The Gold Model Revisited

Four years ago, I wrote a post discussing my thoughts on how to build a model for the price of gold. That post received by far the most attention of anything I’ve written. I still get emails about it today.

Over time, I’ve thought more about this issue, and I’ve altered my thinking somewhat. I also want to clarify some points from my original post. Instead of writing an addendum to it, though, I thought it would be clearer to rewrite the whole thing. What follows is the updated version.


One of the most controversial topics in investing is the price of gold. Fifteen years ago, gold dropped as low as $252 per ounce. The yellow metal then enjoyed a furious rally as it soared above $1,920 per ounce, easily outpacing the major stock-market indexes. Over the last three years, however, it has sunk back down to $1,300.

Like Linus in the pumpkin patch waiting for the Great Pumpkin, many gold bugs hold out hope. They claim that any day now, gold will resume its march upward to $2,000, then $5,000 and then $10,000 per ounce. But my question is, “How can anyone reasonably calculate what the value of gold is?”

For stocks, we have all sorts of ratios. Sure, those ratios can be off, but at least they’re something. With gold, we have nothing. No assets or liabilities. Not even a dividend. After all, gold is just a rock (OK, OK, an element). How can we even begin to analyze gold’s value? There’s an old joke that the price of gold is understood by exactly two people in the entire world. They both work for the Bank of England, and they disagree.

In this post, I want to put forth a possible model for evaluating the price of gold. The purpose of the model isn’t to say where gold will go but to look at the underlying factors that drive the price of the precious metal. Let me caution you that as with any model, this one has its flaws, but that doesn’t mean it isn’t useful. More importantly, I’ll explain why our model makes theoretical sense, rather than just mashing up numbers and seeing what correlates.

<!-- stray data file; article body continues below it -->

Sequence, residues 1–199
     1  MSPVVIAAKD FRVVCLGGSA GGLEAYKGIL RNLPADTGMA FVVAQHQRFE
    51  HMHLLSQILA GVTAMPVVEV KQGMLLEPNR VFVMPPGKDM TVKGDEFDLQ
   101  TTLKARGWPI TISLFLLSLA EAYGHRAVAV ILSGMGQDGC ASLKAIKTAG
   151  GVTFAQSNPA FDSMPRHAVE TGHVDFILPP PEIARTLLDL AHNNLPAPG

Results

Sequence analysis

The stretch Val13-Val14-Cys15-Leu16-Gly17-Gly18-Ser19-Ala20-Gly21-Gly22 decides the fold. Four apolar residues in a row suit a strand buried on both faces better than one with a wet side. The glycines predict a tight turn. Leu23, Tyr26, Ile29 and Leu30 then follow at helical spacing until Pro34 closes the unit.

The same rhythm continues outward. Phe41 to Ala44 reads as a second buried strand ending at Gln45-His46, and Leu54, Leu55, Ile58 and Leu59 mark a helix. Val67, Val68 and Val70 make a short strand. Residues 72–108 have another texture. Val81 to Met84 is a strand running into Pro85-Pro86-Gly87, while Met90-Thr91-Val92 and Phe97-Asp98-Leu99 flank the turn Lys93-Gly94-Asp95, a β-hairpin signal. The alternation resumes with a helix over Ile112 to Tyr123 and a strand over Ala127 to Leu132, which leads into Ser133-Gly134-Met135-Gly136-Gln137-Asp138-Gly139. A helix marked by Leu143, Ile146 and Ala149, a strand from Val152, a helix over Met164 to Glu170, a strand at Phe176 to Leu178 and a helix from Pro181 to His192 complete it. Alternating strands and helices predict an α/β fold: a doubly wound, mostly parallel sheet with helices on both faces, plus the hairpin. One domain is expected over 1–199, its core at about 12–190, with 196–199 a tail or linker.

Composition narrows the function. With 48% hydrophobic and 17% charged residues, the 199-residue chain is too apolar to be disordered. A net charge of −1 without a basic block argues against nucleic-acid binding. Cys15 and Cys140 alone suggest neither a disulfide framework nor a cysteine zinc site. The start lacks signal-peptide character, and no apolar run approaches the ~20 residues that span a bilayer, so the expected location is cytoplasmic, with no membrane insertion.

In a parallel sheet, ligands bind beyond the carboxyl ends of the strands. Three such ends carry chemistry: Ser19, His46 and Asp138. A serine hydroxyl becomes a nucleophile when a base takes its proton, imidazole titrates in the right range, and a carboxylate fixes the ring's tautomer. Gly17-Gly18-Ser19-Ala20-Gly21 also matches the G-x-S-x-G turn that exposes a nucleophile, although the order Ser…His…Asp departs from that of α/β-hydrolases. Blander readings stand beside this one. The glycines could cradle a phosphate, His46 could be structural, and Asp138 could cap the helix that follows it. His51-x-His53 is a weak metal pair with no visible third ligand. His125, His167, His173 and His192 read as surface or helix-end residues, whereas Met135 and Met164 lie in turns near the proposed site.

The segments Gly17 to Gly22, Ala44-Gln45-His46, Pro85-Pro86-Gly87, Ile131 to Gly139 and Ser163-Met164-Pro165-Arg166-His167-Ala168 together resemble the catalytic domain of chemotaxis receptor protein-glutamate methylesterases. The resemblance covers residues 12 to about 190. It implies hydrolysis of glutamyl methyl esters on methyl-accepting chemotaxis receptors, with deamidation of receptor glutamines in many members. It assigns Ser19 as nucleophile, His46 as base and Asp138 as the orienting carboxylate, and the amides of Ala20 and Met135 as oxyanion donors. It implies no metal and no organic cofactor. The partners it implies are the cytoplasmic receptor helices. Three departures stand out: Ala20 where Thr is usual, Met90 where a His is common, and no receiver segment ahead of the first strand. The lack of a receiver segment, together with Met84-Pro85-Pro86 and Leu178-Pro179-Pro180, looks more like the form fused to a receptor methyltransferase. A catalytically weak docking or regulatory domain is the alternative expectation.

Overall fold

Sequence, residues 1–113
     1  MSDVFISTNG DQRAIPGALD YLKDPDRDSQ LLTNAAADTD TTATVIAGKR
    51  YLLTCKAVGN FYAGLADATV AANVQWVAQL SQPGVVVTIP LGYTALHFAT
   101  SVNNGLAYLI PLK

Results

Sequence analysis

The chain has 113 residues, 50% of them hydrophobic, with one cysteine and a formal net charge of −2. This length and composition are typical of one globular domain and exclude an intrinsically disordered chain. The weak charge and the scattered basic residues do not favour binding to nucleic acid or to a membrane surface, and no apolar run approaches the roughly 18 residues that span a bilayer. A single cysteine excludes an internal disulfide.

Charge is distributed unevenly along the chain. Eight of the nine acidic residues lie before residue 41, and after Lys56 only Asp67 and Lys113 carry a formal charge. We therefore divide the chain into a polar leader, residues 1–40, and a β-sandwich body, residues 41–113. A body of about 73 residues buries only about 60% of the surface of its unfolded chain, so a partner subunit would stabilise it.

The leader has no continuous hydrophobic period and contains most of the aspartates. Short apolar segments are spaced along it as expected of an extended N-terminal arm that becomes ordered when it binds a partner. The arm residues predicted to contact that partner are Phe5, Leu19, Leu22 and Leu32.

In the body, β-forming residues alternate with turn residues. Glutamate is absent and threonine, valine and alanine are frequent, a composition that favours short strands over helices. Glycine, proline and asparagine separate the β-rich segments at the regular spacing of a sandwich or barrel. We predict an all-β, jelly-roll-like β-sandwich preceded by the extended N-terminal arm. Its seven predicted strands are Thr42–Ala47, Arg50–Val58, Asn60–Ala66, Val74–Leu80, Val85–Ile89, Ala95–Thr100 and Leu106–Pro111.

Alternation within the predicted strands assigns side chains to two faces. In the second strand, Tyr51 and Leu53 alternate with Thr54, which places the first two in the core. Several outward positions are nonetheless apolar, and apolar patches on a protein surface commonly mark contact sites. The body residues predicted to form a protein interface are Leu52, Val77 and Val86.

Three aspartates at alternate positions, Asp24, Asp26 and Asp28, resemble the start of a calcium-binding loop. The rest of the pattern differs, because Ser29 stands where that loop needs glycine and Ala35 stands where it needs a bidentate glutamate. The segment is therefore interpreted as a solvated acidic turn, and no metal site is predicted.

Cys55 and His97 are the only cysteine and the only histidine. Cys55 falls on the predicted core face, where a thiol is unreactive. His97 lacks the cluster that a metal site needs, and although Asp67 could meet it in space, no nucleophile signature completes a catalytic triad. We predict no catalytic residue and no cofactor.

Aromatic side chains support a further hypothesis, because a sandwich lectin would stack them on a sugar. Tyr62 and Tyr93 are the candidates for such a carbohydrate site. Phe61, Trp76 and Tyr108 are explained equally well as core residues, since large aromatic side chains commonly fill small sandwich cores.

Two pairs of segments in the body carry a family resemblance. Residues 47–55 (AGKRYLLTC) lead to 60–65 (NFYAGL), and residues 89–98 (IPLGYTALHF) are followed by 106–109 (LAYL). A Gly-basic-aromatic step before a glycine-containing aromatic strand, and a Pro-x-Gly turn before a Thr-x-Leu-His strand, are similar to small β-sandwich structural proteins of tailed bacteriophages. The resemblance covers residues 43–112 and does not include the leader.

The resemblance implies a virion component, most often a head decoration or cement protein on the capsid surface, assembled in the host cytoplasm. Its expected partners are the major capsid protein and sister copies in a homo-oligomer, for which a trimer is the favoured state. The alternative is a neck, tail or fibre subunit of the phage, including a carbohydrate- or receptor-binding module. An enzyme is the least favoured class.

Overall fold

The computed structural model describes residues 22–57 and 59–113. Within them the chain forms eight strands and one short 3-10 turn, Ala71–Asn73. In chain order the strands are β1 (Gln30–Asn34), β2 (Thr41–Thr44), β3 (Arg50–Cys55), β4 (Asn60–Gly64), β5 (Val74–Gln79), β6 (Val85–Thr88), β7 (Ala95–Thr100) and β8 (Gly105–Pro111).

The key to understanding the gold market is understanding that it’s not really about gold at all. Instead, it’s about currencies, and in our case that means the U.S. dollar. Properly understood, gold is really the anti-currency. It serves a valuable purpose in that it keeps all the other currencies honest—or exposes their dishonesty.

This may sound odd, but every major currency has an interest rate tied to it. It doesn’t matter if it’s the euro, the pound or the yen. In essence, that interest rate is what the currency is all about.

Before I get to my model, we need to take a slight detour and discuss a fascinating paradox known as Gibson’s Paradox. This is one the most puzzling topics in economics. Gibson’s Paradox is the observation that interest rates tend to follow the general price level and not the rate of inflation. That’s very strange, because it seems obvious that as inflation rises, interest rates ought to keep up. Similarly, as inflation falls back, rates should move back as well. But historically, that hasn’t been the case. Instead, interest rates have risen as prices have gone up, and only fallen when there’s been deflation.

This paradox has totally baffled economists for years. Yet it really does exist. John Maynard Keynes called it “one of the most completely established empirical facts in the whole field of quantitative economics.” Milton Friedman and Anna Schwartz said that “the Gibsonian Paradox remains an empirical phenomenon without a theoretical explanation.”

Even many of today’s prominent economists have tried to tackle Gibson’s Paradox. In 1977, Robert Shiller and Jeremy Siegel wrote a paper on the topic. In 1988 Robert Barsky and none other than Larry Summers took on the paradox in their paper “Gibson’s Paradox and the Gold Standard.” It’s this paper that I want to focus on. (By the way, in this paper the authors thank future econo-bloggers Greg Mankiw and Brad DeLong.)

Summers and Barsky agree that the Gibson Paradox does indeed exist. They also say that it’s not connected with nominal interest rates but with real (meaning after-inflation) interest rates. The catch is that the paradox only works under a gold standard. Absent that standard, the Gibson Paradox fades away.

Now here’s my big idea: the Gibson Paradox doesn’t go away. It’s still here, just harder to see. It’s my hypothesis that Summers and Barsky were on to something, and that we can use their insight to build a model for the price of gold. The key is that gold is tied to real interest rates. Where I differ from them is that I use real short-term interest rates, whereas they focused on long-term rates.

We’re getting closer to our model, but we need to take yet another detour, this time to Sweden to discuss the great Swedish economist Knut Wicksell. Wicksell was an interesting character who wrote on many topics, but he was deeply concerned with the theory of interest rates.